Also, even if I touched this in my video reply (and you a bit in the second article), I’ll bring it on again because it really hurts and troubles me: 80% of public bike racks are no good! At least in Romania! Probably in Serbia it is the same as I feel our countries are sisters. Only in the Netherlands I have seen correct bike racks designed for bikes. In most of the cases, in reality, it looks like the bike racks that are available in public places, installed either by city administrators (rarely) or by some larger shop like Ikea or Carrefour or something like this, those bike racks were not designed by somebody who understood bikes, were not bought by somebody that understood cyclists. Probably someone in the acquisitions department had to fill their budged for the year and was told to buy bike racks. Those are designed to be mounted in a private and secure yard, where let’s say a collector has 10 bikes and wants to park them in his garage… But not for usage in the public space. Why? Because they are lower than my knee and they only allow for the front wheel to be installed. And 90% of cyclists are like sheep and they install their bike like that with a 3$ cable lock. Great! Sometimes those public bike racks are not even secured into the ground, you could lift them! Or they have 4 x 13mm hexagonal bolts or something really easy to take them off the ground. Sometimes I park my bikes in reverse, to be able to clamp the rear wheel and a seat stay to those low bike racks, but sometimes there is not enough space. Sometimes I secure my bike at the end of such a rack, to be able to secure the frame. And sometimes I get protests from security agents or other users that I am using it wrong and I should use it by the front wheel because I am no more special than others. In many situations I prefer to find a fence or a pole and make sure it is stronger than all my locks combined. But if you link your bike to a private fence, the rightful owner could legally cut your lock out of his property.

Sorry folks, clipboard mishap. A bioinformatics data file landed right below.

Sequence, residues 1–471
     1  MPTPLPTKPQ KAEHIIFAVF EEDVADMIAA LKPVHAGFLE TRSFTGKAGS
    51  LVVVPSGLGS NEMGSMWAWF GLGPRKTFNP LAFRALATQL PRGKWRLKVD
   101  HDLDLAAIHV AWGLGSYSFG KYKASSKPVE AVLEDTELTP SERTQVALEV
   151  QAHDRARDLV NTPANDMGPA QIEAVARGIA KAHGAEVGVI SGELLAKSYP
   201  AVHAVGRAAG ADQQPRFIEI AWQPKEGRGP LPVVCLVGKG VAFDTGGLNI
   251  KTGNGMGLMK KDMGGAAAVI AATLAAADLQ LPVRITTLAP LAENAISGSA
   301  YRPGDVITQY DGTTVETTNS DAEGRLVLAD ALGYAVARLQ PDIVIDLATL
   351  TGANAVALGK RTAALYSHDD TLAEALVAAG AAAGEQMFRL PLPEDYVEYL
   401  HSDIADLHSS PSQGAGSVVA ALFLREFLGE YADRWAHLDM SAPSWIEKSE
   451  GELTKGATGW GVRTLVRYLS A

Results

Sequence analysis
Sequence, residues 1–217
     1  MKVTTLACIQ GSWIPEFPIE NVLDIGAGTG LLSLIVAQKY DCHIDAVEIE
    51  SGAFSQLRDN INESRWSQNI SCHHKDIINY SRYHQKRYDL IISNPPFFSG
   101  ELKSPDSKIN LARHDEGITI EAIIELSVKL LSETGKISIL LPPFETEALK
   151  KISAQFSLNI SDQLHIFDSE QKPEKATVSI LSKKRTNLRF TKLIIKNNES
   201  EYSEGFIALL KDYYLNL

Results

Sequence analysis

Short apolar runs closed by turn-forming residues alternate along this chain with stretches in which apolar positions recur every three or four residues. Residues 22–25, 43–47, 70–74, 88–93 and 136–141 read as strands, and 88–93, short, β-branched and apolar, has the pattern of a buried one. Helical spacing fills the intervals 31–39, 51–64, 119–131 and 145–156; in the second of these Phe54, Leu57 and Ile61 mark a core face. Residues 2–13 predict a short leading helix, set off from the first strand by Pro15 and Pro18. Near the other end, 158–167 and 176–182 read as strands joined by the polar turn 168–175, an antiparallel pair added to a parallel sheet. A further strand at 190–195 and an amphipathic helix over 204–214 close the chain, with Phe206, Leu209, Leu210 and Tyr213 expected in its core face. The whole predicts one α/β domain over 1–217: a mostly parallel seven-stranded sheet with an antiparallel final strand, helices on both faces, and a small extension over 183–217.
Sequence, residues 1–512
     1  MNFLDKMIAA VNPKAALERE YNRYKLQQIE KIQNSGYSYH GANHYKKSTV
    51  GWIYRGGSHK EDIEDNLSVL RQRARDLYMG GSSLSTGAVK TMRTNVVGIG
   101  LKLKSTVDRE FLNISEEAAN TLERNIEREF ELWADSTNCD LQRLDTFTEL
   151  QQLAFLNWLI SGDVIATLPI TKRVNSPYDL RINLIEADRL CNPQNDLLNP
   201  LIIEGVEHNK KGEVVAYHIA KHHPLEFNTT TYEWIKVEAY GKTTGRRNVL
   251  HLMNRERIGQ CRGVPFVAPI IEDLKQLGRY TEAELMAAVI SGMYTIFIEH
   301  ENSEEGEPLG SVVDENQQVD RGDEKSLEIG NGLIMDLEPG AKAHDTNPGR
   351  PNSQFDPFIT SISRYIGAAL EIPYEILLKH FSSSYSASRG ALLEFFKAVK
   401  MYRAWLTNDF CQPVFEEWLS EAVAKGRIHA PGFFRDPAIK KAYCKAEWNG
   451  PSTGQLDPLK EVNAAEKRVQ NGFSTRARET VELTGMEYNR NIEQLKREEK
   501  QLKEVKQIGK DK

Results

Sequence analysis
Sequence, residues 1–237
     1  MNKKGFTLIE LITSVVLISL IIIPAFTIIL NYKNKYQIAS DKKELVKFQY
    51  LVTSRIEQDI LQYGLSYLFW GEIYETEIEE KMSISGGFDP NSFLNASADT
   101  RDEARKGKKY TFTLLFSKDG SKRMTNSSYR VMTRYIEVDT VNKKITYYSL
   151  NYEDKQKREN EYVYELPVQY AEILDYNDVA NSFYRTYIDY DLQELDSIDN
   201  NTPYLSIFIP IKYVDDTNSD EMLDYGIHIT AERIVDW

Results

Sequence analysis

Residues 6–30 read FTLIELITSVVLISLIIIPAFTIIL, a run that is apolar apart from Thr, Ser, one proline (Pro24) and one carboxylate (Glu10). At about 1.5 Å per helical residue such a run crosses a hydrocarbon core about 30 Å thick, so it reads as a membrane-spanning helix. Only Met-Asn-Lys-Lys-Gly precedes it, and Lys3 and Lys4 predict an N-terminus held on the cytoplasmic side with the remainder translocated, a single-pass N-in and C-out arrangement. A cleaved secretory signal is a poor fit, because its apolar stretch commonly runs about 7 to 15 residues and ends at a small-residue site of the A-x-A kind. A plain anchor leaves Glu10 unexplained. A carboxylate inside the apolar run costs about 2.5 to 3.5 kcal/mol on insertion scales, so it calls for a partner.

Speaking of location, in an ideal situation, try to find some place where some CCTV camera is covering so maybe a potential thief would be discouraged. Although, nowadays, with Covid Masks and craziness anything could happen.
    So, picking the right location to leave your bike is JUST AS IMPORTANT as the locks that are used.

    4. Sheldon Brown locking method

    (I actually wrote this text before discovering your second article on how to lock a bike, but since Sheldon is a legend, I am going to leave it, and both of us believe that he was a legend 😀 )

    I always try to use one lock for as many parts as possible For example frame + rear wheel combination. Sometimes you only have one single lock and might not be enough so try to secure as much of the bike as possible. If you only have a single lock it’d better be a U-lock, preferably Kryptonite Fahghetaboudit (whatever spelling) . Now, a U-lock can be too short or too narrow and it might be difficult to attach on it the frame AND the rear wheel (which is more expensive than the front wheel).
    The LEGEND Sheldon Brown promoted a method to secure with a U lock only the rear wheel inside the rear triangle and even if the rear triangle or frame is not specifically secured directly by the lock, in order to get the bike out, the thief would have to cut the rim of the bike, otherwise, even if you unscrew the axle of the wheel, the frame would be stuck. And probably 99% of thieves would prefer to have a ridable bike with a full set of wheels.
    Now, if the rear wheel has a Rohloff speed-hub or a fancy rear motor or something of value, it would still probably be worth it so this might not be enough, more security would be needed.

    5. Wheels can be swapped between bike by thieves

    Because not all cyclists are capable to secure both their wheels and only lock the frame, many times, a thief could find a bike which is secured only by the front or rear wheel and with a free frame, take the bike with 1 wheel, and find another bike (same wheel size) which is only secured by the frame and get the missing wheel and ride away.
    There are some anti-theft fasteners for the wheels so you could only take them of with a special key with a certain very rare geometric model, but I am not that well organized in my tools and I think I might lose the special key and I would also live with the fear that some thief could have a set of such keys to try on my wheels, so I am not a big fan of that, especially since I have 7 bikes. The Quick release or the 15mm spanner is better for me.